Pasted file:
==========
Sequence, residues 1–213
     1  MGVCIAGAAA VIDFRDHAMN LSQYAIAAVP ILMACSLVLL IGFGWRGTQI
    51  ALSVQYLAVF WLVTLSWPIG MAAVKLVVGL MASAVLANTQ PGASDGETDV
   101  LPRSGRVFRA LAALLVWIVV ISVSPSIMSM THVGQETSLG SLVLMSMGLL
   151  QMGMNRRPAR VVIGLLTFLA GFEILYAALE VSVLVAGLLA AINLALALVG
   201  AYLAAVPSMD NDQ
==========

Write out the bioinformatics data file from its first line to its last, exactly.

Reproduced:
Sequence, residues 1–213
     1  MGVCIAGAAA VIDFRDHAMN LSQYAIAAVP ILMACSLVLL IGFGWRGTQI
    51  ALSVQYLAVF WLVTLSWPIG MAAVKLVVGL MASAVLANTQ PGASDGETDV
   101  LPRSGRVFRA LAALLVWIVV ISVSPSIMSM THVGQETSLG SLVLMSMGLL
   151  QMGMNRRPAR VVIGLLTFLA GFEILYAALE VSVLVAGLLA AINLALALVG
   201  AYLAAVPSMD NDQ